Other than “The Carpenter” earning a spot in the top 50, content has been scarce on Mr. Sandman since I interviewed him in May. However, the hardest working man since “Hey Mon” has been steadily building buzz, even attracting Fader love that surely attracted him a mass audience among mustache mavens. Within six months, his Rawkus diaspora fan base will be overwhelmed by the centripetal force of the altered zones. In the interim, Sandman continues to distinguish himself from every post-backpack rapper through the sheer musicality of his approach. The video for “King of Kings” makes the divide more stark, setting him up against Moses Rockwell and P So, who fail to realize that standing out in 2010 requires more than bland competence.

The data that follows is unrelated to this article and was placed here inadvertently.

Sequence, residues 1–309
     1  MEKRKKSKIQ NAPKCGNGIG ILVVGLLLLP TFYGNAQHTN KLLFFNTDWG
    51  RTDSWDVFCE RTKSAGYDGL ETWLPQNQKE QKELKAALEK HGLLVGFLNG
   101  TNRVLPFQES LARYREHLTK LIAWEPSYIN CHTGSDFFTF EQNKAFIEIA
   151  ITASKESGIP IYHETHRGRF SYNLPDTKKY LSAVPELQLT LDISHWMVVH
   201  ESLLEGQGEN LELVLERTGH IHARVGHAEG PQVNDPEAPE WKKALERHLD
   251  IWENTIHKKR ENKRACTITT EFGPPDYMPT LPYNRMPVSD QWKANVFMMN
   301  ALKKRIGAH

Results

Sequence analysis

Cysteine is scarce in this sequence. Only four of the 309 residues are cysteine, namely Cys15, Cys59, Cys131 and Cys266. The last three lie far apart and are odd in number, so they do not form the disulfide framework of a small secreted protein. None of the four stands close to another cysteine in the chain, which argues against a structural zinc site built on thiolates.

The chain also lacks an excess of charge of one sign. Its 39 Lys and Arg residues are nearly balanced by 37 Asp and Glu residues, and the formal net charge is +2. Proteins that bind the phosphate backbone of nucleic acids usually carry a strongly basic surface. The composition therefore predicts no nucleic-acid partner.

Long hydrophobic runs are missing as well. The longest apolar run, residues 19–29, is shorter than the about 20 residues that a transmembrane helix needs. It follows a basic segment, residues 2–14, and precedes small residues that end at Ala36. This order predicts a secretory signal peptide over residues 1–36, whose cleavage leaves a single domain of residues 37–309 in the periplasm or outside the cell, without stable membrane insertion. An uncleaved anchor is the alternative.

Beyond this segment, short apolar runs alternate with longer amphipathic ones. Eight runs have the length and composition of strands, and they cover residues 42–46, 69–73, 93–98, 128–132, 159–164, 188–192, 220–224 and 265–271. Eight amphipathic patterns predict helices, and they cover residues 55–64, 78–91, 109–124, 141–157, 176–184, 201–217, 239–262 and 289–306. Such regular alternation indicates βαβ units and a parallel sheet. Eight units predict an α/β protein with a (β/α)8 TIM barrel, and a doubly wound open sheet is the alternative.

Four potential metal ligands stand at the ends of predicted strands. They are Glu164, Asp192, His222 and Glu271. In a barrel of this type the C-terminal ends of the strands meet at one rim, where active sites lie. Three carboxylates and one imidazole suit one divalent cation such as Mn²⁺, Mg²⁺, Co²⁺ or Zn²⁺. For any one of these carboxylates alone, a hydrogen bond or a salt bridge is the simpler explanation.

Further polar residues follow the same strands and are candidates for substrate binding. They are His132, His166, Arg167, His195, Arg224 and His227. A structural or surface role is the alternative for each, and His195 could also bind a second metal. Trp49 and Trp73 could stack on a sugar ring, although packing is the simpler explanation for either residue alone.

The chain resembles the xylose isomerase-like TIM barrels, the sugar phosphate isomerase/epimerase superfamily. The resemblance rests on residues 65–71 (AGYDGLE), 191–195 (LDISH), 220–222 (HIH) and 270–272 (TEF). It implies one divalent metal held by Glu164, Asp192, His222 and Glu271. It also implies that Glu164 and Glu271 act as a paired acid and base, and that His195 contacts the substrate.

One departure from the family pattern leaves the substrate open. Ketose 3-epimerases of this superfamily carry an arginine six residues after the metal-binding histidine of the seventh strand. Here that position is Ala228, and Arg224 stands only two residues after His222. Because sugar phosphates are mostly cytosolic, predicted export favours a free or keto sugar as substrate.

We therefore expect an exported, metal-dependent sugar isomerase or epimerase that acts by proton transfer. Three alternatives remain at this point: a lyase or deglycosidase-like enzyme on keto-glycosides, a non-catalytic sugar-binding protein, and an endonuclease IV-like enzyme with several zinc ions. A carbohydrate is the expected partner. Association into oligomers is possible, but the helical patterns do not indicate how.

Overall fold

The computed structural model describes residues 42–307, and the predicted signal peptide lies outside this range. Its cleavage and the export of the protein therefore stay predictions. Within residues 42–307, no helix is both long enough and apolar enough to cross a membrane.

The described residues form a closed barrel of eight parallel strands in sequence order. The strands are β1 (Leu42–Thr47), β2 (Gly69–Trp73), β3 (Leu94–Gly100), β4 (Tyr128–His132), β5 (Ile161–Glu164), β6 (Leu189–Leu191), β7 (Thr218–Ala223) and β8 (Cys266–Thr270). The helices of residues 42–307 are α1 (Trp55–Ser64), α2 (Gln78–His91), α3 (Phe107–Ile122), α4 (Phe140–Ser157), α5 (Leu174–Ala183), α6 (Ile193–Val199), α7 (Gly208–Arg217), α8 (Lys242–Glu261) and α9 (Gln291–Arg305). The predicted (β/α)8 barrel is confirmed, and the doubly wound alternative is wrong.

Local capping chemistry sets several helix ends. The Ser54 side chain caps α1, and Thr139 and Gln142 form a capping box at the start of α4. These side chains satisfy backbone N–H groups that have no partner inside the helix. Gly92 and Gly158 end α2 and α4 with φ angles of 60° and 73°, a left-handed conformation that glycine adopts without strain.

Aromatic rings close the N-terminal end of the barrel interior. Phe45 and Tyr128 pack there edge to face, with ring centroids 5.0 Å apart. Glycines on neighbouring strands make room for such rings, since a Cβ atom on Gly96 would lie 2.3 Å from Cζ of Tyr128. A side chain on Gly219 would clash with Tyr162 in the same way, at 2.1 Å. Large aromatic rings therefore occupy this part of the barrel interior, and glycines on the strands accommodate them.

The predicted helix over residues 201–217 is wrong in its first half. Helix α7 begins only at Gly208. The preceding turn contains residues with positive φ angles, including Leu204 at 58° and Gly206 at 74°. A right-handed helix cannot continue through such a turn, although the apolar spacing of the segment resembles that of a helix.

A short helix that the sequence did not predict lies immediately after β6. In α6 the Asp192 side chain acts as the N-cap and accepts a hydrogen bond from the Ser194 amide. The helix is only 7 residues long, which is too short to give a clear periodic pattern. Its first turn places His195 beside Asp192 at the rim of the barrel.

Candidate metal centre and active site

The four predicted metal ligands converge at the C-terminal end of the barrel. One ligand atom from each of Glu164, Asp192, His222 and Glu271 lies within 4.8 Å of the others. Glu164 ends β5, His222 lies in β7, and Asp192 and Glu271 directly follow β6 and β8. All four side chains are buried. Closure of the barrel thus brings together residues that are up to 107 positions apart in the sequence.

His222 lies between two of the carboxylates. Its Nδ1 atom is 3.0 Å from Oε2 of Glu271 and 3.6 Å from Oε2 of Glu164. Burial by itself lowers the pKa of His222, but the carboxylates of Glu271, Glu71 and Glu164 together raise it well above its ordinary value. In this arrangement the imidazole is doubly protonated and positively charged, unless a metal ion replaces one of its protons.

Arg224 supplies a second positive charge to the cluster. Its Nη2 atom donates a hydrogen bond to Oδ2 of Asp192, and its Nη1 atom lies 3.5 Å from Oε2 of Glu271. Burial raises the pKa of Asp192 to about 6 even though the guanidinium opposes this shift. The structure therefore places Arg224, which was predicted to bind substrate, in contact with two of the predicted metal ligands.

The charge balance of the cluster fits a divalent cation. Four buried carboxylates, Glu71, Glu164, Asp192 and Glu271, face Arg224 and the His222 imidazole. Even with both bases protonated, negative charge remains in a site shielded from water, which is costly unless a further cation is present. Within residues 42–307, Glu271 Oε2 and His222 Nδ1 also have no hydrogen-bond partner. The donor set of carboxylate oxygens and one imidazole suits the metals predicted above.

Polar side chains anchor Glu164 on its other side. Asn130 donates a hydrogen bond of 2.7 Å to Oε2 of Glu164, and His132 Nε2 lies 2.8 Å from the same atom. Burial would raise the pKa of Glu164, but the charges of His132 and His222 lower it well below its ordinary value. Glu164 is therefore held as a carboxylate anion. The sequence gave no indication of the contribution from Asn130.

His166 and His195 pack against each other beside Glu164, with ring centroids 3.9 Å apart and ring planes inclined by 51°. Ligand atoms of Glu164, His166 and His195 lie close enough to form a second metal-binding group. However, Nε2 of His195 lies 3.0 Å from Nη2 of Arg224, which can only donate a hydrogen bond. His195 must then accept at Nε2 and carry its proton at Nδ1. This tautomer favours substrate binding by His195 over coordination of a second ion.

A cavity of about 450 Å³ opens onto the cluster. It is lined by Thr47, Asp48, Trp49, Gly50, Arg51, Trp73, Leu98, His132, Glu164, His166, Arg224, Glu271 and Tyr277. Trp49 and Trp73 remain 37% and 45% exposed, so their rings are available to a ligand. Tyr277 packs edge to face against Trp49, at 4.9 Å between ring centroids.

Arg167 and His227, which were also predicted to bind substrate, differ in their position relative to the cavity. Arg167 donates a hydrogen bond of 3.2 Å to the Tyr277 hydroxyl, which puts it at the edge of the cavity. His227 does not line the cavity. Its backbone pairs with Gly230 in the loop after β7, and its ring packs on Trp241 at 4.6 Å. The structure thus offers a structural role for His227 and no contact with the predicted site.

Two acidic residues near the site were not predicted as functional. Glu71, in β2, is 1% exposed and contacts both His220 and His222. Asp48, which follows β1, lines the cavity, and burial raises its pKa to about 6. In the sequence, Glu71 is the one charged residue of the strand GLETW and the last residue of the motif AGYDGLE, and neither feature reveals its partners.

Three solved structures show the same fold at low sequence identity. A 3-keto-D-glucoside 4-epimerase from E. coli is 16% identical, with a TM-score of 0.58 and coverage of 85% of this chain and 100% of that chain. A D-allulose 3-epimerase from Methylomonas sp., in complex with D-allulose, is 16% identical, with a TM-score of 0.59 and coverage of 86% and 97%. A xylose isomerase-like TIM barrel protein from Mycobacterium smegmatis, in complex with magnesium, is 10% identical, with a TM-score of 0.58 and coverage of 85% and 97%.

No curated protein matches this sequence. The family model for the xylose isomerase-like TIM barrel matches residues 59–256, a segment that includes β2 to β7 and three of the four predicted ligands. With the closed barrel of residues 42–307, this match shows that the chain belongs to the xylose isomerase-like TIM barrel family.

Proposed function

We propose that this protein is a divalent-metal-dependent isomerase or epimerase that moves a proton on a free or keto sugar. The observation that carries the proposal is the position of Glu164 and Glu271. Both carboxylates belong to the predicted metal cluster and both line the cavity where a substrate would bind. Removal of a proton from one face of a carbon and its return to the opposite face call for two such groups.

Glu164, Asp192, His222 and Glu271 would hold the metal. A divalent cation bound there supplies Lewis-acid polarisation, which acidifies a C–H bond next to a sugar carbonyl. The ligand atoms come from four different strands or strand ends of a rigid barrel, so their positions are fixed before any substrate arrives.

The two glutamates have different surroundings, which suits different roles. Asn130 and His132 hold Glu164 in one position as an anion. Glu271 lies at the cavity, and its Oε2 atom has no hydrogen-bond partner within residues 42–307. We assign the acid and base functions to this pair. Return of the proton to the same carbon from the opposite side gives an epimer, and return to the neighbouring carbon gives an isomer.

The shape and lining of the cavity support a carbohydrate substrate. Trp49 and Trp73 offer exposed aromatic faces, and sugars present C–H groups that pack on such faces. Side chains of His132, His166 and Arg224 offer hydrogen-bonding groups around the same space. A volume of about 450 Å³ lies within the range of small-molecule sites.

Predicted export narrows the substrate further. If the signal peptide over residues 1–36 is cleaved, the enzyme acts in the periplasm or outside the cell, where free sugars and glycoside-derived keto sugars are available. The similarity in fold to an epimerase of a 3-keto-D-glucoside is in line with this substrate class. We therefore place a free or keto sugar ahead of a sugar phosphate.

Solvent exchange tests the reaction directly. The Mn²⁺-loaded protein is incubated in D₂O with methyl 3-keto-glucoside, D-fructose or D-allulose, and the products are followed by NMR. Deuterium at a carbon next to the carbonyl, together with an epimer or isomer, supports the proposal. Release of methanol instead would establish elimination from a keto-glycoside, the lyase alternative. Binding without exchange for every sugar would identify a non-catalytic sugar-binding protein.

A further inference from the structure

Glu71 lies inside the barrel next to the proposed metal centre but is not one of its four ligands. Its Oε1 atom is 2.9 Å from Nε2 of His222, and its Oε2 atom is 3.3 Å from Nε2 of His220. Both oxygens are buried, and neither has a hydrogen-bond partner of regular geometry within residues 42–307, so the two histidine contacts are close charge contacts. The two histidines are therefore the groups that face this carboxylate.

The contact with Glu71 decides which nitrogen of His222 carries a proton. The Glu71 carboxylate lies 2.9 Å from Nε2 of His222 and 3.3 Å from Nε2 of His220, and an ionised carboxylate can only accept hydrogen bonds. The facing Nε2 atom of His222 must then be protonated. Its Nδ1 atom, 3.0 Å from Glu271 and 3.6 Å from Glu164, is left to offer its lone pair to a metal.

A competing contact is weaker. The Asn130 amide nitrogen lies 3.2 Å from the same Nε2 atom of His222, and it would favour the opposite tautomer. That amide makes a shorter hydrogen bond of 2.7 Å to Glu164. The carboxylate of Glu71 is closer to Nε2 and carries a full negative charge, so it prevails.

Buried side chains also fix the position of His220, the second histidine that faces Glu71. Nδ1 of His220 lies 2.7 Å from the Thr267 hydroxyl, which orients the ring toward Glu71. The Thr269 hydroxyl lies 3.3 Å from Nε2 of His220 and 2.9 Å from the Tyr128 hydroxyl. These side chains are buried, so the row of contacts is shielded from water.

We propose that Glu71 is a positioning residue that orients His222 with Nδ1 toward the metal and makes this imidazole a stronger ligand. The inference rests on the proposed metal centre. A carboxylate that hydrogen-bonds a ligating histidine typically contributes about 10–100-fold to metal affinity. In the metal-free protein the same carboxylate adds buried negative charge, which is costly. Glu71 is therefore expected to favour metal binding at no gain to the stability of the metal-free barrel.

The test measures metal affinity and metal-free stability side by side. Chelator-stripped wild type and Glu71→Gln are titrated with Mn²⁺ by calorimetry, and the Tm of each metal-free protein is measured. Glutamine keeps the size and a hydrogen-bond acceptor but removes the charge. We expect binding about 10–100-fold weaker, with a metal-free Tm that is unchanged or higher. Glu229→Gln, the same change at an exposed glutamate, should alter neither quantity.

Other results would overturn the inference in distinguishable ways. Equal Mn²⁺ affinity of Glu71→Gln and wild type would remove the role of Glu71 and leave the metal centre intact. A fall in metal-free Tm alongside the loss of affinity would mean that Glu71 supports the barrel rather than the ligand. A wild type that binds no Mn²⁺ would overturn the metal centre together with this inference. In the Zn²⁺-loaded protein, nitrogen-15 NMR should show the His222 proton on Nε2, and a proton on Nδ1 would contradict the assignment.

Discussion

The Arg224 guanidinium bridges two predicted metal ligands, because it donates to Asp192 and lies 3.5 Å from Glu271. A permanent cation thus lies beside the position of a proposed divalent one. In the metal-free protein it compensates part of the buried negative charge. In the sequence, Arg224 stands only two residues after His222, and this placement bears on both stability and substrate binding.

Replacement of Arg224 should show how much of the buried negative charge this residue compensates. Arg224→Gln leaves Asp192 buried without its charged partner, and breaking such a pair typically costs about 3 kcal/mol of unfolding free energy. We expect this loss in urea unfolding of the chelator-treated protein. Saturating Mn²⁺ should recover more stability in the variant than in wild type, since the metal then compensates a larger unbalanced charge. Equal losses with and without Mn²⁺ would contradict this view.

You can mock them for their analog obsession — Walkman’s Vs. iPod’s, but it’s no different than the tape fetishization at work within the legions of Brooklyn lo-fi bands. What’s different with Sandman is that he understands the importance of selling every bar. His voice lunges, rises, questions, and considers in every syllable. It’s a conversational flow but clearly cadence-obsessed. Sometimes, it’s the ineffable quality of charisma and personality. Or maybe it’s that Homeboy Sandman raps like a pickpocket, trying to shake the beat down for loose change and any and all empty space. Queens gypsy cab rap.
MP3: Das Racist ft. Homeboy Sandman-“I’m Up On That”